He was diagnosed with early renal failure and this is being managed well with diet change and subcutaneous fluids. He has issues with chronic constipation and this is being managed when need with enemas and laxatives.
The next one is the doozy. Tucker had been peeing blood and standard urinalysis was unrewarding to the exact cause. During one of his recent exams palpation of his abdomen revealed a lot of feces which made evaluating the bladder difficult. When standard therapy for suspected urinary tract infection failed, more diagnostics were underwent to try and figure out what was happening.
Tucker had a specialist abdominal ultrasound which revealed a mass in his bladder. After further discussion Tucker was referred to a referral hospital for a specialist surgical consult; it was decided to go ahead with surgery to try and remove the mass. Tucker had about ⅓ of his bladder removed in an attempt to get wide margins for the invasive mass. The pathology report came back as a Transitional Cell Carcinoma, which is the most common cancer of the bladder. It can respond well to chemotherapy and so Tucker was then referred to a specialist Oncologist.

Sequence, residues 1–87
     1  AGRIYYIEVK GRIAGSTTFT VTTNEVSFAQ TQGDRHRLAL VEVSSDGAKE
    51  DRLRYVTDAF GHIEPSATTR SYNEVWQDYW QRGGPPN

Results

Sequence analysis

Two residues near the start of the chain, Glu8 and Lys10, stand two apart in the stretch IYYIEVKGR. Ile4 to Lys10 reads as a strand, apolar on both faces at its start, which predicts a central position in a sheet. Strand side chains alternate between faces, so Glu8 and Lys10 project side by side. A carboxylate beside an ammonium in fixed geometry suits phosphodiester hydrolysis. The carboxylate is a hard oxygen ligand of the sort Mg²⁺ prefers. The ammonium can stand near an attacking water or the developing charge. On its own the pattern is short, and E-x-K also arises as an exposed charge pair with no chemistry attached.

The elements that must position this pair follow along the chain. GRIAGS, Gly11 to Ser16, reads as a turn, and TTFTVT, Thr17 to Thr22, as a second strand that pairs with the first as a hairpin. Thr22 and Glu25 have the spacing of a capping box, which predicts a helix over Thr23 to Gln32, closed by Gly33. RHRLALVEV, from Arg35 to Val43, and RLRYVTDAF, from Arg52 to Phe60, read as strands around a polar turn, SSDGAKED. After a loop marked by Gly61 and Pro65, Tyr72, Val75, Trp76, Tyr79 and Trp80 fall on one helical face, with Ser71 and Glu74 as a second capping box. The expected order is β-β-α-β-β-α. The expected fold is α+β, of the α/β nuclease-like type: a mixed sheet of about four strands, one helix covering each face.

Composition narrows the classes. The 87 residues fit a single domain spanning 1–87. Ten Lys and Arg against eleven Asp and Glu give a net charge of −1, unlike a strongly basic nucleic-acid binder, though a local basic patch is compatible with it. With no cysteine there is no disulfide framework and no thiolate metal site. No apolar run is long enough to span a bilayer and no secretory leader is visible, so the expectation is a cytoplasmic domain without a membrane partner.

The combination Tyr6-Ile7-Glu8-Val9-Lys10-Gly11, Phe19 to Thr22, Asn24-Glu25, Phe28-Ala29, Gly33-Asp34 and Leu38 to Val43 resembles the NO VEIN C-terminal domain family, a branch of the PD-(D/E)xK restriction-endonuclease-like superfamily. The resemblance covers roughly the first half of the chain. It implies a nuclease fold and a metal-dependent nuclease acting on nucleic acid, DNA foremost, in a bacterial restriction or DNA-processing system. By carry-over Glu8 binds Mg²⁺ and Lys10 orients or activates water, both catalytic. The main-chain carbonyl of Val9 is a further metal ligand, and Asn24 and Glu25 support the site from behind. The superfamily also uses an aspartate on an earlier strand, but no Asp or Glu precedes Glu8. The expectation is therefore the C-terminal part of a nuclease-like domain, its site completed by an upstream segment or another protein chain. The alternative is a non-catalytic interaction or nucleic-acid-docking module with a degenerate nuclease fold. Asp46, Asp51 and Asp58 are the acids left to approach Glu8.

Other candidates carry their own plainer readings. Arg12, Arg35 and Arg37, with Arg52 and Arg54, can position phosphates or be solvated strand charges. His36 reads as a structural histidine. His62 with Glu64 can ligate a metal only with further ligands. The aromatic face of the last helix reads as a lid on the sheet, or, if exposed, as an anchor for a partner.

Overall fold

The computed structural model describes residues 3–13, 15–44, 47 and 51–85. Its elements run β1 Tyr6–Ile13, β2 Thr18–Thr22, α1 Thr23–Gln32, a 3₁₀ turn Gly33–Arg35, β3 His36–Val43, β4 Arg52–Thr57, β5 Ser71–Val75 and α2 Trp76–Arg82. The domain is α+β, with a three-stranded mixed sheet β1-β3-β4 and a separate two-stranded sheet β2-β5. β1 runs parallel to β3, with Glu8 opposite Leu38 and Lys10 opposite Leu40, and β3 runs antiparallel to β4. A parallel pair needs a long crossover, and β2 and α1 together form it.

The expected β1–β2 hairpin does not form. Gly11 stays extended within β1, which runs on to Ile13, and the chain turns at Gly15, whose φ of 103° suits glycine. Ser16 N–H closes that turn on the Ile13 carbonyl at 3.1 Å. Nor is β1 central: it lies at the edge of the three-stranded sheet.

Tucker is currently undergoing a regiment of chemotherapy with an Oncologist and he is doing pretty good. This case demonstrates the importance of specialists in veterinary medicine. Much like human medicine there is often a need to see multiple doctors in order to get an accurate diagnosis and proper treatment.
At last update Tucker is doing well. He still has energy, eating well and gets love of love and hugs from his family at home, and here at Smith’s. We all wish Tucker the best as he proceeds with his treatments.